Ryanair: ban airport alcohol sales before 10amBy Melita Kiely
European airline Ryanair is calling for a ban on all bar and restaurant alcohol sales in UK airports before 10am to tackle disruptive behaviour from passengers.
According to a study by CAA, the number of disruptive passenger incidents in the UK rose 600% between 2012 and 2016, with the majority involving alcohol.
As such, the European airline is urging UK airports to adopt “necessary measures” in order to prevent excessive alcohol consumption, particularly during flight delays.
Other practices encouraged by Ryanair include making it mandatory to present boarding cards when purchasing alcohol in bars and restaurants, and imposing a maximum limit of two beverages per traveller.
Ryanair has already imposed a ban on customers consuming their own duty free alcohol purchases on board its flights. Those flying from Glasgow Prestwick and Manchester to Alicante and Ibiza are also no longer allowed to bring duty free alcohol on aircrafts, meaning purchases must be stowed away or left behind.
Ryanair’s Kenny Jacobs said: “It’s completely unfair that airports can profit from the unlimited sale of alcohol to passengers and leave the airlines to deal with the safety consequences. This is a particular problem during flight delays when airports apply no limit to the sale of alcohol in airside bars and restaurants.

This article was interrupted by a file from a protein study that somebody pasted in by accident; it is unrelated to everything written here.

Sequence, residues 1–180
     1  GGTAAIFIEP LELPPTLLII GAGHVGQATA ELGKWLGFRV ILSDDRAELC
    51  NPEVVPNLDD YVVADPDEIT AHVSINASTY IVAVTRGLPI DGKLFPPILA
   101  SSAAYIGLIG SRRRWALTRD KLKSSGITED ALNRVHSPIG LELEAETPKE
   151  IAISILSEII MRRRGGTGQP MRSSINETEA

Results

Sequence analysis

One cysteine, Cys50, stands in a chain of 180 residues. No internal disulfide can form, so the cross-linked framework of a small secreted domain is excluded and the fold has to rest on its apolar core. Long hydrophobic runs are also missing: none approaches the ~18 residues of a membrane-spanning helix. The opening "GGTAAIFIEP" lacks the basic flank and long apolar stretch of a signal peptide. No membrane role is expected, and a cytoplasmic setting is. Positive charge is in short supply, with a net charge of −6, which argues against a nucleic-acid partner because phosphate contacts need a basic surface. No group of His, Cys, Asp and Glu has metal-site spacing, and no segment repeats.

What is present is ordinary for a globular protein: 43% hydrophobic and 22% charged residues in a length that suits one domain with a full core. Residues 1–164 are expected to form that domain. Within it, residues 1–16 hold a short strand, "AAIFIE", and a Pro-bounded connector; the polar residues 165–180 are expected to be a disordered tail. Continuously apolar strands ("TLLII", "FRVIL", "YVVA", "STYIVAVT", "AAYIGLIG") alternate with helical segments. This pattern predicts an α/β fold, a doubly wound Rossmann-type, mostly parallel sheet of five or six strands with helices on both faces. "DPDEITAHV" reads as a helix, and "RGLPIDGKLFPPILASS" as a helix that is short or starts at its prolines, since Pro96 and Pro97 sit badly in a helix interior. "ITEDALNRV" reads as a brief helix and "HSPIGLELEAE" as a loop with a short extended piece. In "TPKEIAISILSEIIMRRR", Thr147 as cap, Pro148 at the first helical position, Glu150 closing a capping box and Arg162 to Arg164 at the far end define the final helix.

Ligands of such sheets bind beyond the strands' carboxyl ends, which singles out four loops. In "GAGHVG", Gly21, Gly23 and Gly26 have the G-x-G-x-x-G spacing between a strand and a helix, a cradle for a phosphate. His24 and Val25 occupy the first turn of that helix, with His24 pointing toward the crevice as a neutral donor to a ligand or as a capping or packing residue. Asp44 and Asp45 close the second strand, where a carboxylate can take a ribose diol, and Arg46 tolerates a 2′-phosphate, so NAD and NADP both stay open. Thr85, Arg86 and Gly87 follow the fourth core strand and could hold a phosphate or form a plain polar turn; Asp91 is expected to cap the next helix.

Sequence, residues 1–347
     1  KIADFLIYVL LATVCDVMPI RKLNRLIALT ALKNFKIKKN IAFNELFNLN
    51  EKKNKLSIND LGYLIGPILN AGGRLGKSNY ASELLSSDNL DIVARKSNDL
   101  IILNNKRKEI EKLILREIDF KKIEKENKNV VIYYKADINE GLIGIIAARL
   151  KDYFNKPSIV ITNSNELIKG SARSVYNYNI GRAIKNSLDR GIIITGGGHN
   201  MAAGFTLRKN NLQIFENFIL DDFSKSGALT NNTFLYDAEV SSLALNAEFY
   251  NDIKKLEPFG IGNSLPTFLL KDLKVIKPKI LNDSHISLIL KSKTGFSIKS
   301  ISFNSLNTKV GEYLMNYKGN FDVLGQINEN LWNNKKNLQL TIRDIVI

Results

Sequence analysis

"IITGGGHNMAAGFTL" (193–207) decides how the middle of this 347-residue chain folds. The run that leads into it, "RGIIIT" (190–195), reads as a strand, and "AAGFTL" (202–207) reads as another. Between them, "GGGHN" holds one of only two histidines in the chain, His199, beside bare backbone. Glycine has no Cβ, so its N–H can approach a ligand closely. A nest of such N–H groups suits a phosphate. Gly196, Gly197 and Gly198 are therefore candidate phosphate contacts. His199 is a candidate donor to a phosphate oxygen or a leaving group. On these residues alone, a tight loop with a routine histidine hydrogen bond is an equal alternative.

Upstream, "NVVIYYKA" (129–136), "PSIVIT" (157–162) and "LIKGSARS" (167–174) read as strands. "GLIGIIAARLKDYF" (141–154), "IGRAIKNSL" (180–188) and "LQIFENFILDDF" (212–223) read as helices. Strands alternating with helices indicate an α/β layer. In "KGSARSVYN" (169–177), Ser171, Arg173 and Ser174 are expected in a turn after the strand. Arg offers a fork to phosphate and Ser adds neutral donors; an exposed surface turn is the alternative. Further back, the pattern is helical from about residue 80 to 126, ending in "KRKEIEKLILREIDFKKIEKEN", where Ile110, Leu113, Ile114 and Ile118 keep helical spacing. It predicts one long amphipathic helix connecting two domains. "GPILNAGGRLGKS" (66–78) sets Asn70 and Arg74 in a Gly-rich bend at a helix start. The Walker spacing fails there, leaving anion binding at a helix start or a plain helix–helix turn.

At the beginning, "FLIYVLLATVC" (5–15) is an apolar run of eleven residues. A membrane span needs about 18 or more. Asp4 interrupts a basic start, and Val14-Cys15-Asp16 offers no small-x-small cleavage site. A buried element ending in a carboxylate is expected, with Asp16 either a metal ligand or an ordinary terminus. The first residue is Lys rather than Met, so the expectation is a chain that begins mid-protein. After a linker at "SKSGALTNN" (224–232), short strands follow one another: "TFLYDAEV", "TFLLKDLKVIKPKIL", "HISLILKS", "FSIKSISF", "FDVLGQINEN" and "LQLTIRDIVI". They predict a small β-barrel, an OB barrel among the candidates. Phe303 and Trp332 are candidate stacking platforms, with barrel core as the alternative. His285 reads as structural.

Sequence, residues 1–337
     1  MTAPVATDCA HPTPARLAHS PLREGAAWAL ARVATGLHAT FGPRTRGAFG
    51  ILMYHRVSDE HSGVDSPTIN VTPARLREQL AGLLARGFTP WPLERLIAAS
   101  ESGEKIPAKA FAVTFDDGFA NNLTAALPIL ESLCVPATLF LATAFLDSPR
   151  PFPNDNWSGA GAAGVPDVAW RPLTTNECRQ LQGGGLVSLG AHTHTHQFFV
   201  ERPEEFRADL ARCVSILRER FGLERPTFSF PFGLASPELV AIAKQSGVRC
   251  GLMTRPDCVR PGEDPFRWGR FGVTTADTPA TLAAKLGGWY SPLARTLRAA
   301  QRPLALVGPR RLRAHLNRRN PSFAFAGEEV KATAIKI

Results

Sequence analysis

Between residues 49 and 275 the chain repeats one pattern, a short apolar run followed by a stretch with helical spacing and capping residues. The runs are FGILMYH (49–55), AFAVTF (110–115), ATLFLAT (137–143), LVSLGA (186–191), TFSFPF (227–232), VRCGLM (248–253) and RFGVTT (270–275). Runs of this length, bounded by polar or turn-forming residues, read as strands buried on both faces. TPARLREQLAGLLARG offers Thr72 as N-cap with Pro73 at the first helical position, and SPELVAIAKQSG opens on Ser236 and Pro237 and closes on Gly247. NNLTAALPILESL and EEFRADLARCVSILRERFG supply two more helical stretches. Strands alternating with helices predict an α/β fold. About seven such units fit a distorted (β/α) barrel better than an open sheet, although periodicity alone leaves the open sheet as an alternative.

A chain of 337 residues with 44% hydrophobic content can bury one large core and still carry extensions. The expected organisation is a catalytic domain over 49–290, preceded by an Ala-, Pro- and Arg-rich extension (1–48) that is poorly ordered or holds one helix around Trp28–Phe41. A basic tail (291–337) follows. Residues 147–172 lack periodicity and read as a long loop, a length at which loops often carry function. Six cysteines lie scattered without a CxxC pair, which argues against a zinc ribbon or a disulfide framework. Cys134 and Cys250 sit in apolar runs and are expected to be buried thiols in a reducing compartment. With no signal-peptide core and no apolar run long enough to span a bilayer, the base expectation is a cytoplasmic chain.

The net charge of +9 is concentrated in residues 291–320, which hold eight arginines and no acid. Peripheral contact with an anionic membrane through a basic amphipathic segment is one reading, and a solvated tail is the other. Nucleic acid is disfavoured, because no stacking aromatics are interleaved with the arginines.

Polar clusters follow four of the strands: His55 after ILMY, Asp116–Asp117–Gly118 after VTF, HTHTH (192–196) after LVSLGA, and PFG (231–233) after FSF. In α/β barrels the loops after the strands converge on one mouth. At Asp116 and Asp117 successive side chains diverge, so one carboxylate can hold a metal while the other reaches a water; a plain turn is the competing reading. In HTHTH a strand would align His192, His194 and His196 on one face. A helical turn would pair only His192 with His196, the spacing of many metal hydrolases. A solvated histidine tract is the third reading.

“This is an issue which the airports must now address and we are calling for significant changes to prohibit the sale of alcohol at airports, particularly with early morning flights and when flights are delayed.
“Given that all our flights are short-haul, very little alcohol is actually sold on board, so it’s incumbent on the airports to introduce these preventative measures to curb excessive drinking and the problems it creates, rather than allowing passengers to drink to excess before their flights.”
BBC Panorama covered alcohol-related disruptive behaviour on flights this week. In response, Dave Roberts, director general of the Alcohol Information Partnership, said it was “unacceptable” that “boorish and unpleasant” behaviour from drunken passengers could disrupt the travel of other holiday-makers.
“Insulting, disrespectful and abusive behaviour towards airline staff and fellow passengers can never be tolerated and should be dealt with using all laws and regulations available,” Roberts added.
“Airline and airport staff must be allowed to get on with their important jobs without the added pressure of managing drunken behaviour from a few unruly passengers.”